Soft on crime conservatism
Mike Huckabee and demise of a political career
Soft on crime conservatism
Dick Polman, Inquirer National Political Columnist
Just for the sport of it, let us conjure this alternative universe:
Imagine, if you will, that the Democrats are out of power in 2009, and anxious to recapture the White House in 2012. One of their prospective candidates is a smooth-talking former governor who hosts a cable news show. He is polling very well among Democrats; according to the latest USA Today-Gallup survey, 71 percent of his party brethren say they would "seriously consider" supporting a 2012 candidacy - the best showing of any prospective party candidate.
On the other hand, let us imagine that this selfsame Democrat is hardly perfect. He unsuccessfully sought the nomination in 2008, flaming out early just as a troublesome issue arose: it turned out that, as governor, he had successfully lobbied to parole a convicted rapist who, one year after being freed, wound up murdering a woman in another state. Shades of Mike Dukakis, the '88 Democrat who presided over a furlough program that freed a rapist. Now flash forward to 2009, where it turns out, in our scenario, that this same Democratic presidential hopeful had, as governor, commuted the sentence of another dirtbag, thus paving the way for parole...and this dirtbag winds up in another state, where he apparently shoots and kills four police officers, execution-style, as they sip their morning coffee.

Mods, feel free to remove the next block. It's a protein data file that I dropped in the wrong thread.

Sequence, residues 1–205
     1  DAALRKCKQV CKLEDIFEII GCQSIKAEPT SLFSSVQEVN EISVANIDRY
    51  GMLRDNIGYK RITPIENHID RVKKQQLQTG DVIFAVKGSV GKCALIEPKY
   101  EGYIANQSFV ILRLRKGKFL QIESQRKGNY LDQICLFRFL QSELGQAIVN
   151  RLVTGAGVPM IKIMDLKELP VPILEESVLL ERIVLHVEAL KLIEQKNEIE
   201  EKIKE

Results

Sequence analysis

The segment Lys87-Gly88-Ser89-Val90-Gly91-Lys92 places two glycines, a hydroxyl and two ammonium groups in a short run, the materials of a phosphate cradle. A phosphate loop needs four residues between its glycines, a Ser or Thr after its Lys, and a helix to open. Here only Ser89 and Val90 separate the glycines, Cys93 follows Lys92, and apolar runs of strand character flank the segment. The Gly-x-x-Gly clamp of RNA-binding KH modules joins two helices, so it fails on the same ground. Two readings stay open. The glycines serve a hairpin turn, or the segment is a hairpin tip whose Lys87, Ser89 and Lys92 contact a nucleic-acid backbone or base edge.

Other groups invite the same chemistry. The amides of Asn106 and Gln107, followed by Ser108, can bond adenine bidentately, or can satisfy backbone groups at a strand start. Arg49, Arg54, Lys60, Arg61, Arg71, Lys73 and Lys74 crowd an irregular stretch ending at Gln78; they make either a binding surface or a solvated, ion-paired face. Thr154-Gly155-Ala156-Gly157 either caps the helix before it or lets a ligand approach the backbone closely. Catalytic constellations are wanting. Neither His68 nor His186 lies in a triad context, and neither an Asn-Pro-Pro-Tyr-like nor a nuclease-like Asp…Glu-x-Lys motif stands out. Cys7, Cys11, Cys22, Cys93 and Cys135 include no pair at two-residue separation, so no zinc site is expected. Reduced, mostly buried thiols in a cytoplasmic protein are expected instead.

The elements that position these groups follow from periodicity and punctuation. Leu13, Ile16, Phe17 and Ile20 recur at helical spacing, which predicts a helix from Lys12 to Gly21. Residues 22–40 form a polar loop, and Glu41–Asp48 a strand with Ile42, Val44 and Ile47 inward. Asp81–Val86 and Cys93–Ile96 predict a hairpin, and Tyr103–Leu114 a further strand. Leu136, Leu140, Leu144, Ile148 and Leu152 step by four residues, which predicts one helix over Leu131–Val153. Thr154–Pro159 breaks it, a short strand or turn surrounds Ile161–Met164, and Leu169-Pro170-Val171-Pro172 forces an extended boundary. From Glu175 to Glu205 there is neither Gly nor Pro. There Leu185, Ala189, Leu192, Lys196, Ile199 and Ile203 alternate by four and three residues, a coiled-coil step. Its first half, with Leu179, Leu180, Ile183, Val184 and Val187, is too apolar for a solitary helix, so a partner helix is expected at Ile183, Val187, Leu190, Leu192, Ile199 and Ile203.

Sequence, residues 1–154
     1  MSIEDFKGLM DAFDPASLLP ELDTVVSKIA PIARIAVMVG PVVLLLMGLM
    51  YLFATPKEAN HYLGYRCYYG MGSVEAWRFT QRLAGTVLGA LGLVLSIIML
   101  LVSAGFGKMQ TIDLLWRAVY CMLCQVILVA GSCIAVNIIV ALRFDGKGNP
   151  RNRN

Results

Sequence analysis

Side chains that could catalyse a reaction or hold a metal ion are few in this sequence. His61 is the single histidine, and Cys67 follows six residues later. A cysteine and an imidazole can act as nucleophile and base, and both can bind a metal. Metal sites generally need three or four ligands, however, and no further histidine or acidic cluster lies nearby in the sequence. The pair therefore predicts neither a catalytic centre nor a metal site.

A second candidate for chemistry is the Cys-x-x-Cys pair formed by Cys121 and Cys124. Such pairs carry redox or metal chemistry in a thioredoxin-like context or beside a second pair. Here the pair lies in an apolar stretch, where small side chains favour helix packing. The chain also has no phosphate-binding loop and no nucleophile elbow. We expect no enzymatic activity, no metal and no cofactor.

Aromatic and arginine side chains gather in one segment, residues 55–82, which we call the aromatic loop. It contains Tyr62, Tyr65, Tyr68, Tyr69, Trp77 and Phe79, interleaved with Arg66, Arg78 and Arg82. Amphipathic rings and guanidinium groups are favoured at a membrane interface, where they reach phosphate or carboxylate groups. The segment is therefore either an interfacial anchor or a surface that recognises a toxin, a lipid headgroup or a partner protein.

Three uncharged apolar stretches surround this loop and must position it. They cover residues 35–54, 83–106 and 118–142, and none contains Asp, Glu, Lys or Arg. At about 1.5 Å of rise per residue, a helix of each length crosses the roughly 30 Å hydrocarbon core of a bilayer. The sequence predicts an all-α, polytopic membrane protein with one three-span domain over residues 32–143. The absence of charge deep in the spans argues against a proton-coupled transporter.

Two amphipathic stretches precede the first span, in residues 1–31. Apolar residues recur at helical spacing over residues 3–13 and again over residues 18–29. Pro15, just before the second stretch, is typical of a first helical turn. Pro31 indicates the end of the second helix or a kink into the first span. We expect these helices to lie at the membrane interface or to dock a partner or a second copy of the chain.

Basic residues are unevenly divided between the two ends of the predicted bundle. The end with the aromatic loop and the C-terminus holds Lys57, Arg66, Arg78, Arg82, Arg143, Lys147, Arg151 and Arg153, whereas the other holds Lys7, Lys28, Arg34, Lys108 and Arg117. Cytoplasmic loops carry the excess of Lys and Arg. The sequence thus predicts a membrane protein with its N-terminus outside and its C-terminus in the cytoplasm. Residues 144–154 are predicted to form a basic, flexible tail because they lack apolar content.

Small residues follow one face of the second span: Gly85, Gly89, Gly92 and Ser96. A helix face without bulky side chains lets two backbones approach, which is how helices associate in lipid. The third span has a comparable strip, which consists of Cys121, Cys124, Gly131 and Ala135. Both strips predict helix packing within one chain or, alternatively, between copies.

Care to guess how viable this Democrat's presidential candidacy would be, in the wake of these two incidents? The guy would already be buried under six feet of fresh topsoil. Meanwhile, the Republicans would be gleefully trucking a cement mixer to the burial site, and declaring that such a typically soft-on-crime, bleeding-heart liberal Democrat should never be permitted to rise again.
But now, back to reality. We're actually talking here about that heretofore popular Republican hopeful, conservative talk show host and former Arkansas governor Mike Huckabee.
Given the mounting evidence that Huckabee was pivotal in freeing two future murderers - one of them, apparently, a cop killer - we can presumably assume that his 71 percent rating among Republicans (yes, that Gallup figure was real) will plummet in the days ahead, and that, in terms of elective politics, he is now and forever a dead man. It's inconceivable that the Republicans would tolerate and elevate their own Dukakis.
But this is not the end of the story. Most fascinating is the interplay between Huckabee's decision-making and his evangelical Christian faith. (He was a pastor and Baptist leader prior to becoming governor.) Devout Christianity has long been a staple of the GOP's "family values" agenda; at the same time, the party has long prided itself as being tough on crime, all the while insisting that wimp emotions such as "empathy" and "compassion" were liberal criminal-coddling concepts.
Yet here we have evidence that a conservative Republican's Christian faith prompted him to go soft on some dangerous criminals. Exhibit A was his move to free Wayne DuMond back in 1996. DuMond was serving a life sentence in Arkansas for kidnapping and raping a teenage cheerleader, but Huckabee, the new governor, was impressed that DuMond prayed and read the Bible. Huckabee was also swayed toward leniancy by one of his close friends, a pastor who insisted to Huckabee that DuMond was "born again." Ultimately, Huckabee leaned on the parole board to set DuMond free; three board members later said that Huckabee "pressured" them. Result? One year after release, DuMond suffocated a mother of three in Missouri.